"Yes… Sir?"
The man smiled and offered his hand.
"My name is Agent Stoltz. Charles Stoltz, of the SIS. I'm looking for Major-General Ponsonby. Do you know where he is?"
Taylor stood and shook Stoltz's hand, pointing further into the camp.
"Ponsonby is in the command tent. It's across from our main staging area."
"Sorry if I'm being a bother, but I only arrived recently. Would you mind showing me the way?"
Taylor shrugged and slung his rifle, the heavy wooden stock clattering against his back.
"Not a problem. Follow me."
The pair began to trudge through the densely packed dirt, shielding their faces from the sharp, Thi rain that had begun to fall in the darkness. Stoltz lit a cigarette, ad the air filled with the cloying stench of tobacco. Turning to Taylor, he exhaled a wisp of grey smoke into the air.
"So, how many in your unit? I've heard a lot of the British forces around Cambrai aren't at full operating capability."
Taylor sighed and scratched the slight stubble on his chin.
"Since we arrived we've lost ten men. That is with the occasional replacement coming in, of course, and with units merging within divisions when many men are lost. There's always men looking to fall in with another unit - never know when someone'll cop it. We lost one of our original bunch to a goodnight kiss a week past."
Stoltz shook his head.
"That's unfortunate. Sounds like you Tommies have been in the shit far too long - you must appreciate the break."
"It's nice to stop and rest for a while, but it'll be short lived. We're going over the top tomorrow: taking Bourlon Wood. Or, at least that's what our orders are. It won't happen."
Stoltz looked at the young man curiously, offering him a cigarette.
"What makes you say that?"
Taylor took the cigarette and placed it in his breast pocket, declining Stoltz's lighter.
"We've been pushing into the wood for days now, and they've repelled every assault we can muster. The Germans have the knowledge of the ground, they have the height advantage, they have artillery ready, and they have more battalions in reserve than we do in action. Even with the armour we have I support, the wood itself is impregnable and impassable. This action'll be a slaughter - they've already lost four thousand men in that wood. The casualties'll be the same for us."
"Sounds like a stupid conquest to be chasing."
"In the pursuit of victory, any battle can be seen as foolish and any as righteous. It just depends on what outcome you prefer."
"Professor Addison?" Stoltz said curiously, through a smile. "I would never have taken an enlisted man for a Cambridge graduate. What was your major?"
"Medicine. But, as a personal interest, I pursued military history studies. Purely out of my own want."
"So how did a Cambridge-educated doctor end up as a corporal in a rifle division, and not a medical officer?"
"A rich, idealistic grandfather," Taylor said through a terse smile, "Combined with a lack of want for officers and a burdening war will place people in unsuspecting places. Also, two years of a medical degree is not enough for a stay of studies. You can never rely to end up where you expect. Surely you understand, being an intelligence officer on the front lines?"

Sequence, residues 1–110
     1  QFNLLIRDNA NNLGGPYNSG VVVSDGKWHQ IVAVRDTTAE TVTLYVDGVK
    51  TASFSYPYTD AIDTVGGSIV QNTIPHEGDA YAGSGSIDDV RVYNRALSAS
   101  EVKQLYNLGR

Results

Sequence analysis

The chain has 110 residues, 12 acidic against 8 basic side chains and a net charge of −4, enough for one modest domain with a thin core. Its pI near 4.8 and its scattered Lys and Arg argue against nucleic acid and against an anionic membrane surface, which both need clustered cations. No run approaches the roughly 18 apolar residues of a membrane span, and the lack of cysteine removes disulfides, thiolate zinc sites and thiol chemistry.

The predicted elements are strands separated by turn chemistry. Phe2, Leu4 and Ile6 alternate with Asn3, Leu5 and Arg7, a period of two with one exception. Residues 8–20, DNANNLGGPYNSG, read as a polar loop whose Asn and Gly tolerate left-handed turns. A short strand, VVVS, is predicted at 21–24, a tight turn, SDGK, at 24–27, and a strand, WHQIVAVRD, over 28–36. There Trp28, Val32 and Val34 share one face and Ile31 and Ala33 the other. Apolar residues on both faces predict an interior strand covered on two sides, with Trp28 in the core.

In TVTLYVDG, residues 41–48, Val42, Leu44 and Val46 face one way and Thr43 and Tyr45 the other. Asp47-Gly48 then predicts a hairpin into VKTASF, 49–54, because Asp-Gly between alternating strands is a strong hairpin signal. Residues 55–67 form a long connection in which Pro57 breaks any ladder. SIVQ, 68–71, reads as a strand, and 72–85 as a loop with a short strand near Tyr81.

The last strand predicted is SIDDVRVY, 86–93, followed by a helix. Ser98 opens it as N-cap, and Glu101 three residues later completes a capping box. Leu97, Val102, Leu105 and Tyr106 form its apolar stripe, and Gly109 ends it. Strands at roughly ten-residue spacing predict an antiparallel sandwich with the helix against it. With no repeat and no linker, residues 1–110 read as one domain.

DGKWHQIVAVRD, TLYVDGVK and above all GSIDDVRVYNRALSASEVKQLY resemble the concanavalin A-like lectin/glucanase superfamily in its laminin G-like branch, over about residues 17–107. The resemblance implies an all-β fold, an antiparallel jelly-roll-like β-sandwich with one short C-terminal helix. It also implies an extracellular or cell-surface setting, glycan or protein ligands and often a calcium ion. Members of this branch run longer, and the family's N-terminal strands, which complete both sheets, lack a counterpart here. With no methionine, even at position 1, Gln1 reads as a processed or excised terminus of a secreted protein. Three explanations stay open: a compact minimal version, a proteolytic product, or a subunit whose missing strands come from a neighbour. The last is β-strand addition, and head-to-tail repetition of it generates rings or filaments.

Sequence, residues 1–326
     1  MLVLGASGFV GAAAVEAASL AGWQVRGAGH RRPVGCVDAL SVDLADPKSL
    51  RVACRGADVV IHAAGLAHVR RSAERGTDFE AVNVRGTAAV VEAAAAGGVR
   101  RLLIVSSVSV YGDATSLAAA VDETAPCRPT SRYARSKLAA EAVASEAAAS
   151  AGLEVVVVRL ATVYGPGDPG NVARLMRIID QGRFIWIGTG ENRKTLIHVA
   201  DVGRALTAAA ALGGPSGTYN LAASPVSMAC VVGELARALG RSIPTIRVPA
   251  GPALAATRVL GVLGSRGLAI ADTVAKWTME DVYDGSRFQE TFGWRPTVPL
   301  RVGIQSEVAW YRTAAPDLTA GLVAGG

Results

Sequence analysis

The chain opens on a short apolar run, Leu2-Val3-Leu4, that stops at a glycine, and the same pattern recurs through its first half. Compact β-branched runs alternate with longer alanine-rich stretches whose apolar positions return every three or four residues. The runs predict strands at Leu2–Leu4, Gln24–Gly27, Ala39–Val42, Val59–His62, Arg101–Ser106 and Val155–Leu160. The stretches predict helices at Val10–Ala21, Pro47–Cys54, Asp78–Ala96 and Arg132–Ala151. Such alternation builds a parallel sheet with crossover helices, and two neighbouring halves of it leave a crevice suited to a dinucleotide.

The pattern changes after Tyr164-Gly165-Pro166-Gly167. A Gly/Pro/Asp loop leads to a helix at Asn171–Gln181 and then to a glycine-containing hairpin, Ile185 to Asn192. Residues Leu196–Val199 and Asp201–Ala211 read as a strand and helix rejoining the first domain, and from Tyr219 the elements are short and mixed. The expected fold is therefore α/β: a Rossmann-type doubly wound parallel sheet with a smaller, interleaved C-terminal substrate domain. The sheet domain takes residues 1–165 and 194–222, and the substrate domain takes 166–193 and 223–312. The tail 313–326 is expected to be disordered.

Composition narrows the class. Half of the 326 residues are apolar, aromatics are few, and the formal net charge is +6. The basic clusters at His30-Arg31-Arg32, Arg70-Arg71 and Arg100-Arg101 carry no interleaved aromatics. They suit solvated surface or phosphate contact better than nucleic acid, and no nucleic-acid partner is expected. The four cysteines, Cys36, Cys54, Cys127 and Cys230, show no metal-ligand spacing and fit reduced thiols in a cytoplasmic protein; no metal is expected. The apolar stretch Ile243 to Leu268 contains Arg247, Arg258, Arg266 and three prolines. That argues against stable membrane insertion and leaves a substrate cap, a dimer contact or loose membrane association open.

"I understand completely. Duty is paradoxical: your task is almost always not what you've trained for."
"Addison again," Taylor chuckled, "Are you familiar with his studies?"
"Yes, I am. Addison and I have worked closely on projects throughout the duration of this conflict."
Taylor's step faltered briefly, and he double-timed to catch up with Stoltz's unbroken stride.
"You've worked with Addison? In what context?"
"Are you familiar with his theory that conflict, while heavily influenced by geopolitics and religious philosophy, is also immeasurably influenced by factors beyond our control?"
Taylor frowned and shook his head.
"By 'factors beyond our control' are you referring to divine intervention, or mortal interference?"
"To some extent, yes, but I'm more referring to independent parties and forces that, through no intentional means, interfere with the course of war."
"Like a spy?"
"Similar to a spy, if that spy had no allegiance. Picture two tides, flowing evenly against each other. They maintain a constant clash, and an even front line spreading in a jagged but ordered way. But then, in the middle of this line, there's a rock. And instead of flowing around it, the tides flow through, and emerge from either side flooding into open water completely different from how they flowed through. That's what I mean by forces beyond our control. Forces so different to everything we understand that they don't apply themselves to our current scientific understandings - they're anomalous in nature, and the best we can do is secure them, contain them, and try our dearest to keep them from helping or harming people who don't understand their nature. To protect, you could say."
"You don't study them?
"If it's worth the time and expenditure, of course. But with a lot of artefacts, it's more worth our time to lock them up and throw away the key."
"And the SIS has taken on this duty?"
Stoltz's step faltered and his smile wavered. He fell back into step beside Taylor, and Taylor noticed a brief flash of anger cross the American's face.
"Why wouldn't the SIS take this responsibility on themselves?"
"A number of reasons," Taylor shrugged. "We're in the middle of a war, for one. It doesn't benefit our interests, for a second. And why would they send an American?"